296 Tasting Notes
Just when I thought I was getting tired of green oolongs, along comes this tea to pull me back in. I honestly didn’t have high expectations for this regular grade baozhong given how the high end versions have failed to excite me lately. But this easily surpasses much of the competition grade stuff I’ve had this year.
It’s got a silky, smooth texture and notes of sweet pea, gardenia, lilac, and jasmine. It doesn’t have the egginess that some baozhongs have which I find off putting. Decided to cold brew it today and it was heavenly. It became thicker, sweeter, and more intensely floral. About the only difference I can discern between this and TTC’s competition grade baozhong is the latter is a bit more fragrant. But in the end the taste is what matters.
I must commend Taiwan Tea Crafts for how well-packaged their teas are. I opened this tea after it sat on the shelf for over 4 months and it smelled and tasted very fresh. The oxygen absorbers and vacuum packaging used by reputable Taiwanese and Japanese vendors really makes a big difference. It helps preserve optimum freshness. Green oolongs are the most perishable of all teas and nothing annoys me more than tea shops that throw them in pouches or otherwise improperly package them. The aromatics suffer and tea develops a telltale stale seaweed note.
Flavors: Flowers, Gardenias, Jasmine, Peas
It’s shincha time again. Last year I ordered a bunch of shincha samples from Yunomi but found none of them to be particularly interesting. So this year I returned to Yuuki-Cha, which has been my go-to vendor for Japanese greens for years. I had just finished a 100g bag of excellent Kirishima Asatsuyu sencha and wanted to try another medium steamed green tea. I picked up this one because of the promising reviews and because it came from a cultivar (yutaka) I hadn’t tried before.
The aroma out of the bag is deeply grassy and floral. Leaves are slightly more broken up than a normal chumushi sencha. I tried steeping this many different ways before settling on 2.5g/150ml for 45s using water at 158 F. Second and third steeps were for 15s at 168 F, and 30s at 162 F respectively. The first steep was very pale, almost colorless which is somewhat unusual for a Japanese green tea. Wet leaves had the aroma of roasted spinach. The taste was soft, lightly grassy with a hint of astringency in the finish. Pleasant but not terribly assertive. The second steep had a similar flavor but thicker and slightly more astringent. Liquor had a nice emerald green color this time. Surprisingly the last steep was the one I liked best. It was vegetal and grassy, a tad sweet without any bitterness to it. The reviews claim this is floral however that was far from my experience. Only at lower temperature with less leaf do I get a faint floral hint. But then the tea is so light it tastes like you’re drinking hot water.
I went through 25g of this tea, drinking and tinkering before I sat down and reviewed it. Despite Yuuki-Cha’s great track record, this one was kinda meh for me. It had little depth, no umami, more astringency than usual, and what little flavor there was faded quickly after the initial steep. I’ll cold steep the rest of my stash in the meantime and see if I have better luck with this year’s kamairicha.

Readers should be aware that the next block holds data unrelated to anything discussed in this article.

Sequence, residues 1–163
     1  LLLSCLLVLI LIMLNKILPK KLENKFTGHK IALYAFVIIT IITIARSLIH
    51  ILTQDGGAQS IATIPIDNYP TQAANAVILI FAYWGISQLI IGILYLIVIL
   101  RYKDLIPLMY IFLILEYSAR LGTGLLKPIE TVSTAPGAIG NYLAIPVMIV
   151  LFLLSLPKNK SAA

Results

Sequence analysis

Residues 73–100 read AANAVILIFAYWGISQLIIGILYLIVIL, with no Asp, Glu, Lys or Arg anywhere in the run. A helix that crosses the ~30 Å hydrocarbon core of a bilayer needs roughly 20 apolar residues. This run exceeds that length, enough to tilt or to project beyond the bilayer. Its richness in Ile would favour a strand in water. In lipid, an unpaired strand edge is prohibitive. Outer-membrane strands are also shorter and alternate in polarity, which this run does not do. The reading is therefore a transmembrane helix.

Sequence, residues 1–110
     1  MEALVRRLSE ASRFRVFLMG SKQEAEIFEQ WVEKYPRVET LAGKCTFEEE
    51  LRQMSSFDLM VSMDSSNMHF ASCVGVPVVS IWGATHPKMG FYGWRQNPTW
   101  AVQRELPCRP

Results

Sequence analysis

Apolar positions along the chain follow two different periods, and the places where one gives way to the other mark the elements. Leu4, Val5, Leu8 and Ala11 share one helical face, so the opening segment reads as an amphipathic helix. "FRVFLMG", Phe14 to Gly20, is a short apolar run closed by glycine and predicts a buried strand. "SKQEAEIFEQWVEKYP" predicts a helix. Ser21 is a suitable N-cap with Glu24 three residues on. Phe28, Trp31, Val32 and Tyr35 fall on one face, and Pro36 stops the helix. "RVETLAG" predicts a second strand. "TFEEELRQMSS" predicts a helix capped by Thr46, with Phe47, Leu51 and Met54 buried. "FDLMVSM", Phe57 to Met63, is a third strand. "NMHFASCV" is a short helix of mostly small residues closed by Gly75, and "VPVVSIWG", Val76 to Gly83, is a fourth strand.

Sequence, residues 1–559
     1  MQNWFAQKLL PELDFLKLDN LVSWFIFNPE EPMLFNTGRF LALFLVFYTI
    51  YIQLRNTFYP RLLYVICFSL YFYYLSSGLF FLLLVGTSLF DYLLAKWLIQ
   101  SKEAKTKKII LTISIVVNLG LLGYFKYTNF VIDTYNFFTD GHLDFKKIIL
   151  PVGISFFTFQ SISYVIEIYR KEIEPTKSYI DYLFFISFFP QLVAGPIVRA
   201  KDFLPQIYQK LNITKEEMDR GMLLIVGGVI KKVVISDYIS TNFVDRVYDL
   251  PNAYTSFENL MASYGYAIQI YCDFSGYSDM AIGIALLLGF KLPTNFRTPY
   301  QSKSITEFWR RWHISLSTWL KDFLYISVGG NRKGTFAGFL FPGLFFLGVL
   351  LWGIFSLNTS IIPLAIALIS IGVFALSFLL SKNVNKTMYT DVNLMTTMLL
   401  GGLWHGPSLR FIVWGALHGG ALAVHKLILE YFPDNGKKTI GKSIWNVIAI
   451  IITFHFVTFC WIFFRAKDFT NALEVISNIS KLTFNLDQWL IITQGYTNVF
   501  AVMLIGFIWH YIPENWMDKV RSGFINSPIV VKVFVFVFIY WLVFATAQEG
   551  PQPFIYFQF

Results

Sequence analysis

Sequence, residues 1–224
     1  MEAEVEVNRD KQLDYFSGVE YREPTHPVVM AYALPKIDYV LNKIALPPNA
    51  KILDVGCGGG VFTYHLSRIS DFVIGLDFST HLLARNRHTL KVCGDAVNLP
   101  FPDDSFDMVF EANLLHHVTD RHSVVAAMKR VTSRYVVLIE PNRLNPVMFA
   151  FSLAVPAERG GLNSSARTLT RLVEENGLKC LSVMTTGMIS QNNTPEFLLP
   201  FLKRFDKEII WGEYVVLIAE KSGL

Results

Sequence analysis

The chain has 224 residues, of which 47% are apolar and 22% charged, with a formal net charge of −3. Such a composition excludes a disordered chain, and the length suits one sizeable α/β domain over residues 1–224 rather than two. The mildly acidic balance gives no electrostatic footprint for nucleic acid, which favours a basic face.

Flavors: Astringent, Grass
Just got my spring greens the other day from Teavivre and this was the first tea I tried. Tai Ping Hou Koi is a tea I’ve had before but it wasn’t particularly memorable. However I attribute this mainly to stale tea and not knowing the correct brewing procedure. After reading tea reviews online, I settled on grandpa steeping 12 leaves or about 1.5g grams in 10oz of 180 F water.
First impression, the leaves of this tea are freaking beautiful. The 4" long pristine forest green blades are stunning to look at and half the tea’s charm. Initial taste is of chestnut and then it becomes a spring vegetable medley. I picked up notes of grass, spinach, sweet pea, and asparagus. Soft and delicate with a bright, crisp mouthfeel. It does not get bitter even after steeping for a long time making it a great tea for grandpa style brewing.
This is a light, airy, and very spring-y green tea. I liked it better than the recent dragon wells I’ve had. It’s not the most flavor packed green tea out there, but one that’s fresh tasting and very easy to drink.
Flavors: Asparagus, Grass, Peas, Sweet
This was a solid Li Shan with a typical fruity-floral profile but what stood out to me were the texture and mouthfeel. I started off brewing this in the 189-200 range and didn’t care for the results. It tasted like a flavored Jin Xuan, with milk and vanilla bean tones. Once I bumped up the temperature about 10 degrees, that’s when the tea really began to reveal it’s character.
The tea begins sugarcane sweet and buttery. Very full and luscious mouthfeel, gentle florals in the aftertaste. The flowery notes take center stage around the 3rd steep. I detected daffodils, hyacinth, and a hint of tropical fruit. Soft texture and long, sweet aftertaste leaving behind almost a tingling sensation in the mouth. The fruitiness intensifies as it continues to steep with a smooth body and a mouthfeel like thick nectar.
Although this was a good tea, it wasn’t compelling enough for me to want to repurchase. I’ve had so many excellent high mountain teas that it takes an extraordinary tea to appear on my radar these days.
Flavors: Flowers, Fruity, Tropical
This was an impulse buy at Trader Joe’s the other day. It was cheap ($3 for 51g) and the dark curled leaves interspersed with blue and yellow petals were quite attractive. While I’m glad to see grocery stores stocking more loose leaf teas, the flavoring on this one was too heavy for me.
The tea smells very powerful, almost medicinal. Vanilla is the dominant note but I also pick up bergamot, lavender, and licorice. When steeped, it tastes like a floral cherry coke or root beer.